Pulling it Together from Drew Altman: Multiple Agendas for Controlling Health Care Costs
In what would be a domestic policy trifecta, we may be headed for interconnected big debates about economic recovery, entitlement programs and health reform. A core issue in the entitlement and health reform debates is the problem of rising health care costs. President Obama, now apparently fully briefed on the economic, budget and health reform realities he faces, is talking conspicuously about hard choices that may lie ahead. In a short period of time the focus has shifted from the emphasis in the primaries and general election on covering the uninsured and making insurance more affordable to a new focus on hard choices, spending and costs.
As this discussion looms it may be useful to keep in mind the very different — and sometimes conflicting — definitions and agendas at play when we talk about health care costs.
For many, especially economists, reducing health care costs means reducing the share of the nation’s economy we spend on health, which is 16.6 percent now and is headed for almost 20 percent in 2017 (Figure 1). Growth in health spending has exceeded growth in the economy by about two and a half percentage points for decades, and the worry is that it will squeeze out our ability to spend on all kinds of other priorities at all levels of the economy and government if we do not reduce the rate of increase in health spending.
Source: Centers for Medicare and Medicaid Services, Office of the Actuary, National Health Statistics Group, at http://www.cms.hhs.gov/NationalHealthExpendData/03_NationalHealthAccountsProjected.asp#TopOfPage (see Projected; NHE Historical and projections, 1965-2017, file nhe65-17.zip).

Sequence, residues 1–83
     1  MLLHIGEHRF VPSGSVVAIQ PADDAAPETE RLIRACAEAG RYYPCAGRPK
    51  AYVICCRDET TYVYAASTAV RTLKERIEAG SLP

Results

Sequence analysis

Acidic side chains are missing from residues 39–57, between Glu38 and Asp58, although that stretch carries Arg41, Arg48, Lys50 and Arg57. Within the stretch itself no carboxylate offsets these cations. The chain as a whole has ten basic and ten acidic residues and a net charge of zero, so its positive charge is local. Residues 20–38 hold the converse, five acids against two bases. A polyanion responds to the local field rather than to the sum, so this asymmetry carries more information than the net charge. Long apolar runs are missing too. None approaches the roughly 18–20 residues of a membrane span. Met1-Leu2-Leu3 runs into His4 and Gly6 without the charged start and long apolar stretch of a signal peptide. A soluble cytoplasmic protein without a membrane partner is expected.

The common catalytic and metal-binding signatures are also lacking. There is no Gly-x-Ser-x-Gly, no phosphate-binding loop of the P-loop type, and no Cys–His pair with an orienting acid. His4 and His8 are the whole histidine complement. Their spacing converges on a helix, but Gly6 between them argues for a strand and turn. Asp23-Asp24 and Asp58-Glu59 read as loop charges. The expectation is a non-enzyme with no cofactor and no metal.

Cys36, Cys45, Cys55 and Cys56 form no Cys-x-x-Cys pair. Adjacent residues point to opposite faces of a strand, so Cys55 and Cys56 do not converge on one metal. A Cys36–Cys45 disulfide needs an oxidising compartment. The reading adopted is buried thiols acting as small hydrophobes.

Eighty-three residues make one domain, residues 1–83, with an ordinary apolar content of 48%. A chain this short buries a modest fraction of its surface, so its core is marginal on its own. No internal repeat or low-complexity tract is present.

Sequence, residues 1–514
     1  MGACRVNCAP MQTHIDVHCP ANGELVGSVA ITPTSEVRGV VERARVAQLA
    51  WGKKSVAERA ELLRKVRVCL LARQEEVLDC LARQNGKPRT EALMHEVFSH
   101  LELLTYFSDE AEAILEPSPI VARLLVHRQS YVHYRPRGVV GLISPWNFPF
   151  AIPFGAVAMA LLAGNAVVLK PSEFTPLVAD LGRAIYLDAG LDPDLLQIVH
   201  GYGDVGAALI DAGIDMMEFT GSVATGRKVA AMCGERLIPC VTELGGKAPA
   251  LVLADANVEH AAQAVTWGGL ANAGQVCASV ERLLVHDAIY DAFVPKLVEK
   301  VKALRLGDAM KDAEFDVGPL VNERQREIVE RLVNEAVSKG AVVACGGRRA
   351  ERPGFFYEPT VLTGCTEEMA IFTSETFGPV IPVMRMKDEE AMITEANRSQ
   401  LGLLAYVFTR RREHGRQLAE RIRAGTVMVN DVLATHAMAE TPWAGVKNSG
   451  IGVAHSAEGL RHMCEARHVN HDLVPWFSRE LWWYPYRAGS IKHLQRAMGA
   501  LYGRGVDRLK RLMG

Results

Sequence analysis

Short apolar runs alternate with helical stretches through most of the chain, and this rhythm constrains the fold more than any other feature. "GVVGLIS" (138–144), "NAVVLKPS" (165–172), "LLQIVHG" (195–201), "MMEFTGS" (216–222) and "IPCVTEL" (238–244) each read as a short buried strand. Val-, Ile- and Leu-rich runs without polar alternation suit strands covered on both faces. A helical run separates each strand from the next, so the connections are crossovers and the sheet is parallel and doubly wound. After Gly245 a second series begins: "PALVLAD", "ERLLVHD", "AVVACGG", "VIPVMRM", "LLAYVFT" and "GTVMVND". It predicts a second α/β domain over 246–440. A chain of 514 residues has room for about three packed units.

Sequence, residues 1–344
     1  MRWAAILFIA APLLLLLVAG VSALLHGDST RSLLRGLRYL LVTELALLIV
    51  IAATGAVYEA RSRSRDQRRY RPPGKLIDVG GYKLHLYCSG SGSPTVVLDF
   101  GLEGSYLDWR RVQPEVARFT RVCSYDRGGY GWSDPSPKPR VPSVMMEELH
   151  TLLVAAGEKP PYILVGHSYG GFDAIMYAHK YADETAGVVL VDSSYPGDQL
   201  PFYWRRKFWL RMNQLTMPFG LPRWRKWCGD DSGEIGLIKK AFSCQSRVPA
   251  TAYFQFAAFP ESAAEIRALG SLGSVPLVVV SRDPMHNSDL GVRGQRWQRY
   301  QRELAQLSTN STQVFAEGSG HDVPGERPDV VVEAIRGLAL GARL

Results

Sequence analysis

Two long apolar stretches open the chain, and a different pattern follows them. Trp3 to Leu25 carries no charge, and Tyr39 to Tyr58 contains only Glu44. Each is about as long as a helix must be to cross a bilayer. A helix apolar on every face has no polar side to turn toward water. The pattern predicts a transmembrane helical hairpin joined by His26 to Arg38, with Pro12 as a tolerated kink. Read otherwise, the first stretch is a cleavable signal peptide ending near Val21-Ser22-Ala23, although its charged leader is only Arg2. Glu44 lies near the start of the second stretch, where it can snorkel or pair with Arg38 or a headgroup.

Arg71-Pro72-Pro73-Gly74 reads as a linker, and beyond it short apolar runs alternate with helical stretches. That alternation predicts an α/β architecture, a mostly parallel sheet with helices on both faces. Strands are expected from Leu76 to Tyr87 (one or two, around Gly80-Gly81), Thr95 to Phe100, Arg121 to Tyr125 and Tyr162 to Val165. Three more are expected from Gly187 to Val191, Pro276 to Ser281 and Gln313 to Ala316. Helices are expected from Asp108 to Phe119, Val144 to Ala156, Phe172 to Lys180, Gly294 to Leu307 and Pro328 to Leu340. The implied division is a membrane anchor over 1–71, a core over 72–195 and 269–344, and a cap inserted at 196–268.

Others — for example, deficit hawks that include many Republicans and the Blue Dog Democrats in Congress — are focused more on the impact of health costs on federal spending, the budget deficit, and government’s ability to meet its obligations. Spending on entitlement programs is the core of their concern. It almost certainly has been pointed out to President Obama that if current projections hold true, Medicare will not be able to pay all its hospital bills soon after the end of his second term. As the CBO chart below makes clear, the underlying issue behind Medicare’s projected insolvency is the broader problem of health care costs and not the aging of the baby boomer generation. Public spending for Medicaid and the tax exemption for employer-provided health insurance similarly rise with the underlying cost of health care. This bolsters the argument for linking the debate about health reform and health care cost containment with a discussion of entitlements (Figure 2).
SOURCE: Congressional Budget Office, The Long-Term Outlook for Health Care Spending, November 2007.